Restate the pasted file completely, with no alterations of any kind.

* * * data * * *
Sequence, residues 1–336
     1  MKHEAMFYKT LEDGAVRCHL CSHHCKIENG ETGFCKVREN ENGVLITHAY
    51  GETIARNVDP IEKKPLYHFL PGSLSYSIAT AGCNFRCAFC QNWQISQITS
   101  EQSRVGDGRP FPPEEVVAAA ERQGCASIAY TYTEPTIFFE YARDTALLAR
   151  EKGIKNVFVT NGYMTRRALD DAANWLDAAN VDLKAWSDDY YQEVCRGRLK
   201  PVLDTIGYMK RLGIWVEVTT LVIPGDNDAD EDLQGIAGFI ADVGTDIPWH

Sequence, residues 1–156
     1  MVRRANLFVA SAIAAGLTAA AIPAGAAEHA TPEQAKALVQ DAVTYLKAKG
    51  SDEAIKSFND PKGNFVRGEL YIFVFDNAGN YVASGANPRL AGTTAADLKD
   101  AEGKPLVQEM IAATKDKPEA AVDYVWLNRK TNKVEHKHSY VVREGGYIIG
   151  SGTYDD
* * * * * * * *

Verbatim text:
Sequence, residues 1–336
     1  MKHEAMFYKT LEDGAVRCHL CSHHCKIENG ETGFCKVREN ENGVLITHAY
    51  GETIARNVDP IEKKPLYHFL PGSLSYSIAT AGCNFRCAFC QNWQISQITS
   101  EQSRVGDGRP FPPEEVVAAA ERQGCASIAY TYTEPTIFFE YARDTALLAR
   151  EKGIKNVFVT NGYMTRRALD DAANWLDAAN VDLKAWSDDY YQEVCRGRLK
   201  PVLDTIGYMK RLGIWVEVTT LVIPGDNDAD EDLQGIAGFI ADVGTDIPWH

Sequence, residues 1–156
     1  MVRRANLFVA SAIAAGLTAA AIPAGAAEHA TPEQAKALVQ DAVTYLKAKG
    51  SDEAIKSFND PKGNFVRGEL YIFVFDNAGN YVASGANPRL AGTTAADLKD
   101  AEGKPLVQEM IAATKDKPEA AVDYVWLNRK TNKVEHKHSY VVREGGYIIG
   151  SGTYDD